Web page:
breeze from the sea cliffs

breeze from the sea cliffs
brings a fresh wave of fragrance
a floral rainbow

This“fusion” haiku is my response to the challenge at
Carpe Diem’s Crossroads #10 Jane Reichhold’s “rainbows of high tide”,
inspired by the words in the following two haiku.

coming to sea cliffs
the off shore breeze raises
a flower fragrance

out of a wave
rainbows of high tide
arching wind

               © Jane Reichhold

breeze from the sea cliffs_a



many seasons gone

many seasons gone

peony’s last petal falls

We do not always get to choose the time of our final parting. Any meeting could be the last, and the last should hold the spirit of the true meaning of what we hold dear.  I would travel in any season, if it means paying my lasting, final respects to a most lovely flower.
Farewell, Cioci Sophie.

many seasons gone
peony’s last petal falls
accepting sadness

Image source: (Peonies, by Yun Shouping, 1633-1690)

last light as sun sets ~ fusion troiku

In the prompt for Carpe Diem Weekend Meditation #33 Troiku … Two White Butterflies, Kristjaan has added a twist. Rather than providing a fixed haiku as the base for the troiku, the prompt provides two haiku by Basho to be used to create a “fusion” haiku, which is then to be the base to create a troiku.

temple bells die out
the fragrant blossoms remain
a perfect evening

will we meet again
here at your flowering grave –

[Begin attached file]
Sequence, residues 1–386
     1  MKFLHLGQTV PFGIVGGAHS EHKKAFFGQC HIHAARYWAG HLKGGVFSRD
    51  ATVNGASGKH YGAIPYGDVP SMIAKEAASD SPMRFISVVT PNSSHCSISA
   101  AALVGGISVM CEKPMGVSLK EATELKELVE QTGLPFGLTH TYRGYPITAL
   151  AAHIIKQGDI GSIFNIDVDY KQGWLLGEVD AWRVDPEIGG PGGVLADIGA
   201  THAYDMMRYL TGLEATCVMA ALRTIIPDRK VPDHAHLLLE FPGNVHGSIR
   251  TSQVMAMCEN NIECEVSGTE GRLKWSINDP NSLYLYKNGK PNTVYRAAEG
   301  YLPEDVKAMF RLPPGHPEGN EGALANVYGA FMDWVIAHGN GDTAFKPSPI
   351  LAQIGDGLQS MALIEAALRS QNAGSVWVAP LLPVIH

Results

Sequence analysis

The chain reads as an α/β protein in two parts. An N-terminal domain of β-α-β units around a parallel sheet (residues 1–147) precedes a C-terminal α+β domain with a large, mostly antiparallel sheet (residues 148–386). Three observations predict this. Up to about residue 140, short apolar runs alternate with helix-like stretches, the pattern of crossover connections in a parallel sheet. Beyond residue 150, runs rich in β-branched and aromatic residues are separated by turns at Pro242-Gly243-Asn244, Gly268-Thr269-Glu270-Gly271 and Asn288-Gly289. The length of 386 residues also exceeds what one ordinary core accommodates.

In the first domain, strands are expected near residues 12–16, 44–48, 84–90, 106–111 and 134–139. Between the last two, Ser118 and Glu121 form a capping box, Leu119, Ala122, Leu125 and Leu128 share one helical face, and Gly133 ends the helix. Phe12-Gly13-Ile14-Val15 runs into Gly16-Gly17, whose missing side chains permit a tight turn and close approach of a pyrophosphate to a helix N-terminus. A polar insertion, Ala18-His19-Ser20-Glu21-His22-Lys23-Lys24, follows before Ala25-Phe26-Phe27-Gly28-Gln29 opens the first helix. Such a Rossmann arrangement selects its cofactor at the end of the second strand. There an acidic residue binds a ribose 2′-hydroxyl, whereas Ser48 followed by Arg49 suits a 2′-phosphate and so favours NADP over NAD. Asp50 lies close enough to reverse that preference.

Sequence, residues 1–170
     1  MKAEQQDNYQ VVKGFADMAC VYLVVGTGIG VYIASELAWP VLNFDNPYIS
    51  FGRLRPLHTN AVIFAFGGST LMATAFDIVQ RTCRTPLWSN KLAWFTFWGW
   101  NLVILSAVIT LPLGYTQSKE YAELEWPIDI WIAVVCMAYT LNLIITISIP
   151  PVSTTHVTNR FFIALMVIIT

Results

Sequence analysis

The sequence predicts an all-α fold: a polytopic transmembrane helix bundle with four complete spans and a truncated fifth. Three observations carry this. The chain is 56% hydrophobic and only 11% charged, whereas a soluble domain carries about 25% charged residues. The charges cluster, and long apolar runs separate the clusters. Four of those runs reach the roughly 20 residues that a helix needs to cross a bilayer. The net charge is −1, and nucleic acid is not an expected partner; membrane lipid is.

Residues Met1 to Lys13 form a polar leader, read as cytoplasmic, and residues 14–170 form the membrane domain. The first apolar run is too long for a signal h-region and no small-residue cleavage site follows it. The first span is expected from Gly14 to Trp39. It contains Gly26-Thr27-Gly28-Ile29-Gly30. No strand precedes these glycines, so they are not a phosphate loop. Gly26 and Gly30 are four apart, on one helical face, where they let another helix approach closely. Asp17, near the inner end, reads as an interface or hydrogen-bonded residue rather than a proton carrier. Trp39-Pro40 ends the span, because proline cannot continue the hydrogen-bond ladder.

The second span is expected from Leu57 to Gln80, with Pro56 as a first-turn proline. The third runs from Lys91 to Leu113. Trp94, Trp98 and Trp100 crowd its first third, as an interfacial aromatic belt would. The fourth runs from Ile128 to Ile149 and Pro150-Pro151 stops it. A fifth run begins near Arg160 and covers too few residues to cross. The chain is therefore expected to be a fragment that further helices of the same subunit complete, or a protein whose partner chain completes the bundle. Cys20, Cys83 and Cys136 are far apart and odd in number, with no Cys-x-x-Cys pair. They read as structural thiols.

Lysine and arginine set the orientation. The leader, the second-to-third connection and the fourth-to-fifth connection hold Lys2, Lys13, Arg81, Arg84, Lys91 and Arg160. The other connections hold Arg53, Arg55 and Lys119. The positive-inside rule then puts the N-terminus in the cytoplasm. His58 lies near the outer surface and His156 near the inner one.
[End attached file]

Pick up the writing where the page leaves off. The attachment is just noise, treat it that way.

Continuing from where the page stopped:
two white butterflies

               Matsuo Basho

last light as sun sets
two butterflies pirouette
fading temple bells

 last light as sun sets_1a.png

last light as sun sets
flowers stand in silhouette
woven through with light

two butterflies pirouette
white wings holding last sunlight
distant echoes call

fading temple bells
bringing peaceful end to day
night falls in silence

last light as sun sets_2a

A troiku is three haiku, with each of the three lines from a suggested haiku as the first line of each haiku in the troiku. It’s not always possible to have a 5-7-5 format in the second haiku, due to the limitations of the suggested haiku. The name of the form is derived from “troika,” a sled or carriage drawn by three horses harnessed side-by-side, an iconic symbol of Imperial Russia.


Image source:

reluctant poppies

reluctant poppies.jpg

April 2017 Poppies ~ no buds yet this year

Back in Western New York, first blossoms always arrived from late April to early May, perennials providing lush colors while we waited for the last frost that would mark the end of May, when annuals could be planted. It was an adjustment for me when I moved to central Missouri, where spring rains are already falling by early March, flowers are blooming by April, and the summer flowers are showing their faces by May. Normally.

Erratic weather and March/April nights cooler than usual meant spring was severely delayed this year. Oak pollen, my one bane here in Missouri, appeared four weeks late, just in time for the typical May spike in temperatures and precipitous drop in humidity – typical factors in high pollen count. Daffodils and violets were three weeks late. Usually gracing our garden by mid-April, irises finally appeared last week. If it wasn’t for the ninety degree days this week, I could believe I was back in Buffalo.

May in disarray
flowers confused by weather
reluctant poppies

Frank Tassone’s #Haikai Challenge #34: Passing Spring